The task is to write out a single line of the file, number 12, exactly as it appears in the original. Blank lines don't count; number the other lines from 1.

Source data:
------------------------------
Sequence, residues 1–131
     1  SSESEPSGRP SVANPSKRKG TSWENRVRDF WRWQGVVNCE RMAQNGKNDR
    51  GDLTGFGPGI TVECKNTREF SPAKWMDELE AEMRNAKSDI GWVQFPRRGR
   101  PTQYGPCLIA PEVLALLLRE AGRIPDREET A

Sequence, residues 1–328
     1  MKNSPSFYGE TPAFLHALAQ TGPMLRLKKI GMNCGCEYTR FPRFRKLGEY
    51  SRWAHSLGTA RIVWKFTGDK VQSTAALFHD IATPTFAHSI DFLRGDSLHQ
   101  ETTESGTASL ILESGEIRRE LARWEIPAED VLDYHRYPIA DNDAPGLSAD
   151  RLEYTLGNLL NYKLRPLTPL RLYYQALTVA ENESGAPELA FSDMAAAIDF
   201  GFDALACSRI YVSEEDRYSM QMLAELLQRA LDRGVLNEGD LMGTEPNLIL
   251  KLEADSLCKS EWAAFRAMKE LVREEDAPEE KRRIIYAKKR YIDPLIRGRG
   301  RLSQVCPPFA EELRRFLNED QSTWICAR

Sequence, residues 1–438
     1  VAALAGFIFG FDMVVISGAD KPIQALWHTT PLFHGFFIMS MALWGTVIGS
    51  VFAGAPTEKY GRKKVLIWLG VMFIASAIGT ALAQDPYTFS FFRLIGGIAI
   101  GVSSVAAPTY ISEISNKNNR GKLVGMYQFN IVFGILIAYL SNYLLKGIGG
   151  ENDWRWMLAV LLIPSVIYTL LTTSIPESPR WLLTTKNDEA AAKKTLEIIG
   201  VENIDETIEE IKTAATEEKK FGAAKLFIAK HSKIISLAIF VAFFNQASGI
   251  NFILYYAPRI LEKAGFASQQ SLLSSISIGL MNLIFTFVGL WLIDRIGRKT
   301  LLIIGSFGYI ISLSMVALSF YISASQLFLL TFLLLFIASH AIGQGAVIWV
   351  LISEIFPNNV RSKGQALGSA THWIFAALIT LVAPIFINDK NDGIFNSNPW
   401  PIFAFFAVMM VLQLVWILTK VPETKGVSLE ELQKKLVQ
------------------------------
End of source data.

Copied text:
   301  RLSQVCPPFA EELRRFLNED QSTWICAR